Airflow containment is a critical aspect of data centre design. Containment solutions, like aisle curtains, doors or rigid panels are used to separate hot and cold aisles. When properly sealed, containment ensures that cold air is directed precisely where it's needed and hot air is effectively removed, reducing energy consumption and enhancing cooling performance.
Temperature and Humidity Monitoring
Temperature monitoring is essential for maintaining the operational integrity of a data centre. Temperature sensors should be strategically placed throughout the facility, including within hot and cold aisles and inside server racks, helping to maintain a consistent temperature within the recommended range, typically between 18-24°C.
Meanwhile, proper humidity levels prevent the build-up of static electricity, which can damage sensitive electronic components. Additionally, they help prevent corrosion and other moisture-related issues that can harm IT equipment. Humidity sensors should be used to help maintain the correct humidity level, typically between 40% and 60%.
Selecting the most suitable HVAC system and designing the cooling infrastructure with precision are vital steps in ensuring that a data centre can effectively handle the heat generated by servers. Common HVAC systems used here include:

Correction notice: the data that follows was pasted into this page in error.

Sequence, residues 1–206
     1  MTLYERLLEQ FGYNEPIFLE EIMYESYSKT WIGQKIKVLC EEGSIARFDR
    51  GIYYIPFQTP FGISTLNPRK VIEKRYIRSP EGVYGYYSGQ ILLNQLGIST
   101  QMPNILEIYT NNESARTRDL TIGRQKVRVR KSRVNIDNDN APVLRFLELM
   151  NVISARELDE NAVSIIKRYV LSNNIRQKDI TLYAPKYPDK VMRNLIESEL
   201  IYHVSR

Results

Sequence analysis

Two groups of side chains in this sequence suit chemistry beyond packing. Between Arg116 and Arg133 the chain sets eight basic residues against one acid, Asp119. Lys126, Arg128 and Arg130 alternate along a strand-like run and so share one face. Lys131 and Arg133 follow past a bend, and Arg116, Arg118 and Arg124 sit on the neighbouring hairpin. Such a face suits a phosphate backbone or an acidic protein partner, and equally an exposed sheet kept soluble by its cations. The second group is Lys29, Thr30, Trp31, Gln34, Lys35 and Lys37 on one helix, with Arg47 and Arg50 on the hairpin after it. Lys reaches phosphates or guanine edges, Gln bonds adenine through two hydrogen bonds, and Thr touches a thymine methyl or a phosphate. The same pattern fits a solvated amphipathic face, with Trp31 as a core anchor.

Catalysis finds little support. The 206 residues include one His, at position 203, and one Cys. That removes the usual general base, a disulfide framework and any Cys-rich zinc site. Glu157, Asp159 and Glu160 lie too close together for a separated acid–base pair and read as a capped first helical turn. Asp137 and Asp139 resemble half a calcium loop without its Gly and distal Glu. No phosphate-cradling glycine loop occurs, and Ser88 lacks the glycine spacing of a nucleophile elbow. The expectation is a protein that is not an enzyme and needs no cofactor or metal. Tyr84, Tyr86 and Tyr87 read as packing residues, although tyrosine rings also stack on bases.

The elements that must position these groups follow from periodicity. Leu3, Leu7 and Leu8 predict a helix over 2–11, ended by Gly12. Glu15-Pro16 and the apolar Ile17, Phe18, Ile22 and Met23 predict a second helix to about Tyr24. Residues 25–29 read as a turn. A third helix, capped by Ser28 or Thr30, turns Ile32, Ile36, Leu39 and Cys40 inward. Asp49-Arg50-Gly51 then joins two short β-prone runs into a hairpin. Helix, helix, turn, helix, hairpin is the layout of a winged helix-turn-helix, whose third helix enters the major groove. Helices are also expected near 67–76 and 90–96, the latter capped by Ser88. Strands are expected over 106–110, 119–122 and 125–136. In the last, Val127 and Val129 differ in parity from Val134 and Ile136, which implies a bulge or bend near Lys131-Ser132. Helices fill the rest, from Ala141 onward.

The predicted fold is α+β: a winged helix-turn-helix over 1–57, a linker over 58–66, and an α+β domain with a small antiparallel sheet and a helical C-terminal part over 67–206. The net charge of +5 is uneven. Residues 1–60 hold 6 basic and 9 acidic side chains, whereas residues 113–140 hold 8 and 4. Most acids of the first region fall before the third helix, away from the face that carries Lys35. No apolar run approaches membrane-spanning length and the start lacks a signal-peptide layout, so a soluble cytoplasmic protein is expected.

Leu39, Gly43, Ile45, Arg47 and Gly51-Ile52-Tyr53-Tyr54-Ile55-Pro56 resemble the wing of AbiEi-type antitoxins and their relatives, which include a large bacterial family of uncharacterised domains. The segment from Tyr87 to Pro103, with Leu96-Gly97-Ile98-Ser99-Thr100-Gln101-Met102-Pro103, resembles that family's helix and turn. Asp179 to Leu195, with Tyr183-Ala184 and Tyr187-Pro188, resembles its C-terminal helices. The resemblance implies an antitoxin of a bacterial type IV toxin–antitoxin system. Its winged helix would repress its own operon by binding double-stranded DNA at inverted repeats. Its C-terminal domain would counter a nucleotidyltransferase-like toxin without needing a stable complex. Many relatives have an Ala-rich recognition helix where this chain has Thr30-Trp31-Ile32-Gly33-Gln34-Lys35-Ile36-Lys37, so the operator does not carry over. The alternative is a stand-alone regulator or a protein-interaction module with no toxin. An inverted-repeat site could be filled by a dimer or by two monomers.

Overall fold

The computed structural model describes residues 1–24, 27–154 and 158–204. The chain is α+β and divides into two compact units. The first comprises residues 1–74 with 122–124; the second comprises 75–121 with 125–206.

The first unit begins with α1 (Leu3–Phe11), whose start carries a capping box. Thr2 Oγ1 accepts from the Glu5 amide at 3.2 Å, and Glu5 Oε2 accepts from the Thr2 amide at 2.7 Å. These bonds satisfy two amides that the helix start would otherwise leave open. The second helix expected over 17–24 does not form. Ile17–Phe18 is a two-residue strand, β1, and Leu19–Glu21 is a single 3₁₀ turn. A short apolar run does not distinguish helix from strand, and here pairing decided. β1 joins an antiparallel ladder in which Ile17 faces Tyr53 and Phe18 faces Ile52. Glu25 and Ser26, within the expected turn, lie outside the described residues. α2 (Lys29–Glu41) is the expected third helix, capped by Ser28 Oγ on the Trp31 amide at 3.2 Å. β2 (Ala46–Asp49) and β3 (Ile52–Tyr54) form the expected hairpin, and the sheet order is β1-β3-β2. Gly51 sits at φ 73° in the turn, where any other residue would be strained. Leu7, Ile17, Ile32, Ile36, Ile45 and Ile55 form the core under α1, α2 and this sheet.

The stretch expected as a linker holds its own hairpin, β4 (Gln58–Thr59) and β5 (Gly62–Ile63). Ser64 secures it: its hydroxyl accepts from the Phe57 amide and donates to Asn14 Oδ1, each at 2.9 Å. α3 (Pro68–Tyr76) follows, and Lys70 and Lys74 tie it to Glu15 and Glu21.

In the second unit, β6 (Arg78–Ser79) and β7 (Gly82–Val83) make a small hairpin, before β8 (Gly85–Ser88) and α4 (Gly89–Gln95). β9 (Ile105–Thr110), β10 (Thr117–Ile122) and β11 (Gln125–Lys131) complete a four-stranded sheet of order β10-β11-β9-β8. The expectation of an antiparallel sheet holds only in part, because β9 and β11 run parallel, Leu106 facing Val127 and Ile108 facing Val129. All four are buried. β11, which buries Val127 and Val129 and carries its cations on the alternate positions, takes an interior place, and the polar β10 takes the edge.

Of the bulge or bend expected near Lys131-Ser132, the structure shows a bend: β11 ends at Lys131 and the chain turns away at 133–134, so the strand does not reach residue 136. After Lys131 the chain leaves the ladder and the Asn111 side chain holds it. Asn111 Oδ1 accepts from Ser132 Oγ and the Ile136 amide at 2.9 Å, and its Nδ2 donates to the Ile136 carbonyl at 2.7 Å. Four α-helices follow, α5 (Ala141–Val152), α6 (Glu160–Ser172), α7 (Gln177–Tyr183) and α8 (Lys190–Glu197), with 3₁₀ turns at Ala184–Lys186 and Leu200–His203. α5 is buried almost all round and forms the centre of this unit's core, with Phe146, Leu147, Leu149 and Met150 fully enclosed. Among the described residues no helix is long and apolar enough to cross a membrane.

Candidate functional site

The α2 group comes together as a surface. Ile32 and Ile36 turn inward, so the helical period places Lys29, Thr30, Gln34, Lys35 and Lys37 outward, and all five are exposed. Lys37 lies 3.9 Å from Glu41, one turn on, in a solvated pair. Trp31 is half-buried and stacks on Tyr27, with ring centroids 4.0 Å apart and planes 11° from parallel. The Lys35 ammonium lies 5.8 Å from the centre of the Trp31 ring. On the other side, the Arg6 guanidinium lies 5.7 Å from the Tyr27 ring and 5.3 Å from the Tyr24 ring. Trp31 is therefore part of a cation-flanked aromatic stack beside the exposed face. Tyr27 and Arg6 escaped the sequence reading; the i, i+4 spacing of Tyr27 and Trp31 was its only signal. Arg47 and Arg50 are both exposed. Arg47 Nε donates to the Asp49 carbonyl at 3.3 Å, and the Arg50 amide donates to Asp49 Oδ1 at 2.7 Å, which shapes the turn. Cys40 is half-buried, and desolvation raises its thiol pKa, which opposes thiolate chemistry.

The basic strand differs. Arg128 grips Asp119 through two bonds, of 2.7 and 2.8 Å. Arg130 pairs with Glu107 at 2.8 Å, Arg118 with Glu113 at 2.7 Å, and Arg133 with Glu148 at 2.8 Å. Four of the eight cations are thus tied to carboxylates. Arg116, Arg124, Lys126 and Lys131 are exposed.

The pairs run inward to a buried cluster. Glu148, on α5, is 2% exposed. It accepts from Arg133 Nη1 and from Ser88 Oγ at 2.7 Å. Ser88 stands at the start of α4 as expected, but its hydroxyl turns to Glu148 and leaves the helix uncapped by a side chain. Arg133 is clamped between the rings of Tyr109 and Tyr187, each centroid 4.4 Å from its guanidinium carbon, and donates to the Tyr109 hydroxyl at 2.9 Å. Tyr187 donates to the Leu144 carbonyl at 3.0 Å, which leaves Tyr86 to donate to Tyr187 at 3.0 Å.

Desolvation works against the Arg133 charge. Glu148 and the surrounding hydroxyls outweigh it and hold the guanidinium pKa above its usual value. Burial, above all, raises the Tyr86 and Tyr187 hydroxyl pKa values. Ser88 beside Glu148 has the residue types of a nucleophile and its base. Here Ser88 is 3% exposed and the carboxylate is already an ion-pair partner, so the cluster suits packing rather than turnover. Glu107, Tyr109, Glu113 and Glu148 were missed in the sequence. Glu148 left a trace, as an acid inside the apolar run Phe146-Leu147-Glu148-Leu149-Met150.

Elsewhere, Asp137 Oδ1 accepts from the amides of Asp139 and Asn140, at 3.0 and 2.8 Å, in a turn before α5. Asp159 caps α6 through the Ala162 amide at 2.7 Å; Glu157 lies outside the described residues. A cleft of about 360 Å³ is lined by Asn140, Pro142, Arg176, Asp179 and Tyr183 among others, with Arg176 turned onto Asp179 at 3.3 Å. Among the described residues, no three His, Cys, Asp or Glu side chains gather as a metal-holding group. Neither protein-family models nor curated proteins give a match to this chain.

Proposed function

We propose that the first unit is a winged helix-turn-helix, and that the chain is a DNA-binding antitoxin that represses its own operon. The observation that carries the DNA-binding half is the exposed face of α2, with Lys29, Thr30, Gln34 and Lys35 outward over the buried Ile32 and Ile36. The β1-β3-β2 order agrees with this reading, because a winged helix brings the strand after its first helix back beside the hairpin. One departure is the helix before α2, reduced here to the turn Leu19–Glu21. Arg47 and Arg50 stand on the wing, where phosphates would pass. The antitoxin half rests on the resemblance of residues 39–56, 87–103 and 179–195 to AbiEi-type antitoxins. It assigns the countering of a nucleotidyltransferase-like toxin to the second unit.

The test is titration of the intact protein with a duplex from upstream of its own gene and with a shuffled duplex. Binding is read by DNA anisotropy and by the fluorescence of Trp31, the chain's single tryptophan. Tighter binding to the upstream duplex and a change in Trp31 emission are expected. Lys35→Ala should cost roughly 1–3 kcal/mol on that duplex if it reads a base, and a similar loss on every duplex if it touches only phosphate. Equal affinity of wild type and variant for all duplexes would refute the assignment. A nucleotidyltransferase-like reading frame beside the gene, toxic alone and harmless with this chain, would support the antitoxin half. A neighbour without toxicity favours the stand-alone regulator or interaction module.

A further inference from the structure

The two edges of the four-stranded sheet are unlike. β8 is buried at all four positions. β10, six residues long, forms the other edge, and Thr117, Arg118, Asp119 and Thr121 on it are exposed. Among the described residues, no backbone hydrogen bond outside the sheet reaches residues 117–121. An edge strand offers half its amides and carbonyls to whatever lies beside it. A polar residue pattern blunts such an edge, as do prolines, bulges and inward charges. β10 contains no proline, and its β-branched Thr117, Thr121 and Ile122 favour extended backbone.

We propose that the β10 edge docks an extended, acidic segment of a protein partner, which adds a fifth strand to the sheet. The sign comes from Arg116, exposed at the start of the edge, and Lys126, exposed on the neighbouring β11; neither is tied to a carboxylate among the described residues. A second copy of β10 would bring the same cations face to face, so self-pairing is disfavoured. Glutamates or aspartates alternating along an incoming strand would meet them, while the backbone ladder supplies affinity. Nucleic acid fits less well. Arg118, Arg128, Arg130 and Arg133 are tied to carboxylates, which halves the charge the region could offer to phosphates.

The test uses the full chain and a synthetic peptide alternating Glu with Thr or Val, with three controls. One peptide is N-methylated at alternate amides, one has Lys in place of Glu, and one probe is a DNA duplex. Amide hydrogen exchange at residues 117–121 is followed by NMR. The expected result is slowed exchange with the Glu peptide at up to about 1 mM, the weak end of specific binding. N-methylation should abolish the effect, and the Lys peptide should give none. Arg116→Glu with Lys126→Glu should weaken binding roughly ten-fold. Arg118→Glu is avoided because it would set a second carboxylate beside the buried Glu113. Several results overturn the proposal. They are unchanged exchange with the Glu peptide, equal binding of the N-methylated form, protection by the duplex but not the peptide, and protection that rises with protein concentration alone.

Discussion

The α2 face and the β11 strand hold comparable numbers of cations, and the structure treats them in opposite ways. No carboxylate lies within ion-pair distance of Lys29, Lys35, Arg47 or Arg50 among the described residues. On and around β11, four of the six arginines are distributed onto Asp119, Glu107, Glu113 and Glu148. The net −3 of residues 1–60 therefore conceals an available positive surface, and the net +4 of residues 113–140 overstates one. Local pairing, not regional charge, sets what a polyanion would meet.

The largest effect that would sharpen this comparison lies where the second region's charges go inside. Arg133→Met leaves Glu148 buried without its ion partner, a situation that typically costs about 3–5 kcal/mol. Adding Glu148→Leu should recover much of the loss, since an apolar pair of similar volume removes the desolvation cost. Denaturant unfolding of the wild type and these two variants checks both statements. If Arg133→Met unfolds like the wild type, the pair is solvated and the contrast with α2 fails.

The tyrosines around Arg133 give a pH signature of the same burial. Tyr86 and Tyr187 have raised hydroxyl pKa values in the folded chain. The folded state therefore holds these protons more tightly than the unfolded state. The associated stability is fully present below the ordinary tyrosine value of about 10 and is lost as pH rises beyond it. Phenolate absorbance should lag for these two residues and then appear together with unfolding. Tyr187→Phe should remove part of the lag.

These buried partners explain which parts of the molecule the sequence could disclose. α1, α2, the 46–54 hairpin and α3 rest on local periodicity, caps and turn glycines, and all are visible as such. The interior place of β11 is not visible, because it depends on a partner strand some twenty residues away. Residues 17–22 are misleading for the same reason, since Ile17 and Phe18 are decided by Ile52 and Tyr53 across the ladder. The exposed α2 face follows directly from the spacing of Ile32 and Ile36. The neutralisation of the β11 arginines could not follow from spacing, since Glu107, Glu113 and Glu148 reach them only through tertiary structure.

- Precision Air Conditioning (PAC): PAC units are specifically designed for data centres. They provide precise control over temperature and humidity by cooling the air before it enters the data centre space. PAC units are highly accurate and energy-efficient.
- Chilled Water Systems: These systems use a network of chilled water pipes and air handlers to cool the data centre air. Chilled water systems are suitable for larger data centres and can be energy-efficient when designed and operated correctly.
- Direct Expansion (DX) Systems: DX systems use refrigerant to cool the air directly. They are often cost-effective for smaller data centres but may be less energy-efficient at larger scales.
Redundancy and Capacity
Redundancy in the HVAC system is vital for ensuring continuous cooling even in the event of a system failure. Common configurations include N+1, where there is one additional backup unit for every N units, or 2N, which provides complete redundancy.
Properly sizing the cooling capacity is also crucial to handle the current and future IT loads. Insufficient capacity can lead to overheating during peak usage, while excessive capacity can result in unnecessary energy consumption.
Airflow optimization involves designing the data centre layout and cooling infrastructure to maximise the efficiency of air movement. This can include using raised floors for underfloor cooling or overhead ducts for overhead cooling.
Positioning Computer Room Air Conditioning (CRAC) or Computer Room Air Handling (CRAH) units strategically ensures that cooling air is efficiently distributed to where it's needed most.
Ultimately, achieving optimum cooling in a hot/cold aisle data centre arrangement is a complex task that requires meticulous planning and attention to detail. Each element, from aisle design to HVAC systems, plays a crucial role in maintaining a controlled and efficient data centre environment.
By carefully considering and implementing these design considerations, data centre operators can ensure reliable operation, extend equipment lifespan and reduce operational costs while minimising energy consumption.